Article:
Production on the 35mm narrative short “A Display of Emotion” wrapped back in June 2009, and now post-production is also complete. Writer/Director Stéphane Dirschauer wrote a charming situational piece about a man who unwillingly finds himself trapped in a slew of emotions ranging from anxiety to anger to contentment, all within the real-time story of six minutes. Coming from a devotion to French New Wave cinema, Stéphane was eager to involve lush close ups using the shallow depth of field specific to 35mm film, an earthy colour palette in the production design, and the immediacy of handheld camerawork in some of the more spontaneous and suspenseful scenes in the film. Camera operating on this project was my good friend and collaborator Mike Dawson. Gaffer Michael Armstong achieved our cool, soft window lighting look and helped me subtly supplement the available fluorescent lighting in an underground parking garage. Knowing we would have to rely heavily on the practical lighting in this location I opted for the Vision3 5219 stock, which worked wonders with the shadow detail and allowed us the flexibility to follow the action spontaneously.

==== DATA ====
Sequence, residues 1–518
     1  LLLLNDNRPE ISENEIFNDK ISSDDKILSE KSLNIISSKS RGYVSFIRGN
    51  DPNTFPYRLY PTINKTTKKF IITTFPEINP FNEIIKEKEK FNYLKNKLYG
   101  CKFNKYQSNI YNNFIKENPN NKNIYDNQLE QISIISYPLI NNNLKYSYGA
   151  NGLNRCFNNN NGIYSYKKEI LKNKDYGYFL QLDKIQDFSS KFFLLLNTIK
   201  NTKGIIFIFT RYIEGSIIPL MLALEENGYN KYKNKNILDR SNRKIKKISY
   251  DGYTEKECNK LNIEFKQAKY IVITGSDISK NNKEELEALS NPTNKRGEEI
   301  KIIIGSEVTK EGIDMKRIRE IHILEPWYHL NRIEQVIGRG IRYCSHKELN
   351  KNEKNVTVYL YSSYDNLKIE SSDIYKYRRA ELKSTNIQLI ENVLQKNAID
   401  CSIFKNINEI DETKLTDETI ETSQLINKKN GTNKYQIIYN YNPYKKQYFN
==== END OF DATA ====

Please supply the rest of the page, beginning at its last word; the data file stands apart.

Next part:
Stéphane and I spent a considerable amount of time scouting our two locations in Toronto, and were ultimately very pleased with the look of Ezra’s Pound coffee shop on Dundas Street West and the quiet sterility of the CNIB underground garage in North York.
All camera, lighting and grip gear was supplied by Curtis Petersen at PPI Camera here in Toronto. Stéphane and I completed timing of the film to HDCAM with colourist Brett Trider at Technicolor.